The Sandman© Netflix

5 Books To Read If You Loved ‘The Sandman’ On Netflix

Salva Mubarak
Senior Features Writer

Fans of Neil Gaiman’s popular comic book series for DC Comics The Sandman were delighted when Netflix announced a live-action adaptation being developed by the author himself for the platform. The recently released first season of the show has slowly become one of the most-watched shows on the OTT platform, loved by critics and audiences alike.

The series follows the titular Sandman, who also goes by Morpheus. It has been inspired by a popular character from European folklore who throws magical sand into children’s eyes to bring on sleep and dreams. In the series, Morpheus is captured in an occult ritual in 1916 and after being held captive for 106 years, he has set out to restore order to his realm, The Dreaming.

With the first season only covering a small portion of the story in the comic book series, fans have been eagerly waiting for news about a second season. Allan Heinberg, one of the showrunners, has revealed that they’re working on developing the second chapter as well.

Till you wait, you can catch up on everything that happens by reading the comic books that the series have been based on, or binge read Gaiman’s other fantastic works featuring mythical beings, like American Gods or Good Omens. Aside from these, there are some other books that follow similar themes as The Sandman.

Before the next season comes around, here are a few books that you can add to your reading list to fill the Sandman-shaped hole in your life…

The Night Circus by Erin Morgenstern

The Night Circus by Erin Morgenstern©Vintage

This 2011 fantasy novel by Erin Morgenstern shares many similarities with the popular Netflix series. It follows two powerful sorcerers who are being trained to fight each other for supremacy with the backdrop of Le Cirques des Reves, which translates to The Circus of Dreams, a circus filled with magic just like Morpheus’ The Dreaming. Aside from magic and dreams, the book also does a wonderful job of world-building, like Gaiman does for The Sandman.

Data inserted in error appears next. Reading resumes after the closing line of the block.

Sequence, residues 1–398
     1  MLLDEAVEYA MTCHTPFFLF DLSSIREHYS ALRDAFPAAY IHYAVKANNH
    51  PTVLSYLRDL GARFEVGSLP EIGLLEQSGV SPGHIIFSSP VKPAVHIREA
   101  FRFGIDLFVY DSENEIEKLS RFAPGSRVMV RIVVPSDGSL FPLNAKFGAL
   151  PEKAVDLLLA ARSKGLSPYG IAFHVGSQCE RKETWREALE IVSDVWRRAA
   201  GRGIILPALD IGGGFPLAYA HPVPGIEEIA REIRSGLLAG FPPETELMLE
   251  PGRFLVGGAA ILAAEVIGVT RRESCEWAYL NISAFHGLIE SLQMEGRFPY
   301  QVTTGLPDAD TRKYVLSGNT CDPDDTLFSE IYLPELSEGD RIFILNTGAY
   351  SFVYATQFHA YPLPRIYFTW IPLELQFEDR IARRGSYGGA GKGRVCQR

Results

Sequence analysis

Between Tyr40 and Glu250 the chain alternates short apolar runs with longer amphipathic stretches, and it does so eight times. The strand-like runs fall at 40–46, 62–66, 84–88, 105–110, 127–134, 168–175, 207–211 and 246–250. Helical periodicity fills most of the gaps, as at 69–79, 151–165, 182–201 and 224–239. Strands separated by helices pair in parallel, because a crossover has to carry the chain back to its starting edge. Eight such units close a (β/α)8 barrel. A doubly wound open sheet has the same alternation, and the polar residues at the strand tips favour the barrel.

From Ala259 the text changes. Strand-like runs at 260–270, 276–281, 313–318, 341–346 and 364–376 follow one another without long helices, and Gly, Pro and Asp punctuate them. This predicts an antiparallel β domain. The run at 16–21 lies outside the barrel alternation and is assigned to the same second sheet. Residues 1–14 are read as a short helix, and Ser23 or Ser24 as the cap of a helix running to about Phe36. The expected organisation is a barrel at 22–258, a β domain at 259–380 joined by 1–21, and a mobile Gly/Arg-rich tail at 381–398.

Mythos by Stephen Fry

Mythos by Stephen Fry©Penguin

If you loved The Sandman’s retelling of popular folklore and iconic characters, then you’re going to love Stephen Fry’s Mythos. The British actor and comedian rounds up folklore from around the globe and weaves them into an eclectic blend of stories. This is the first instalment in Stephen Fry’s Great Mythology Series. The emotional depth and humour, characteristic of Gaiman, can be found in spades in this one.

Kissing The Witch by Emma Donoghue

Kissing the Witch by Emma Donoghue©Picador

Irish author Emma Donoghue reimagines 13 popular fairytales and presents them with dark and mysterious themes interconnecting each tale. Just like in The Sandman, you can discover some of your favourite mythical figures being presented in a new light. Some of the reimagined tales include Beauty and the Beast, Alice in Wonderland, Snow White, and Cinderella. The book, like the Netflix series, takes age-old characters and, through a heavy dose of mysticism, presents them in a new form.

The Wicked + The Divine by Kieron Gillen and Jamie McKelvie

The Wicked + The Divine by Kieron Gillen and Jamie McKelvie©Image Comics

If you’re a comic book fan, and you also loved The Sandman, then you have to give The Wicked + The Divine a go. This comic book series takes two of the most loved things about the Netflix show, it’s portrayal of mythical beings like Gods, angels, and demons and diverse gender and sexuality representation. The main story follows Pantheon, a group of teenagers who suddenly find themselves blessed with God-like powers, only to realise that they’re actually the reincarnated forms of mythical beings.

Song of Solomon by Toni Morrisson

Song of Solomon by Toni Morrisson©RHUK

Toni Morrison’s award-winning 1977 novel got banned from several American schools because of its controversial themes around race and sex. The story follows Macon “Milkman” Dead III, an African-American man living in Michigan, from his birth to adulthood. Morrison borrows heavily from popular European folk tales and African Myths, like Hansel and Gretel and The Flying African to shape Milkman’s journey in the book.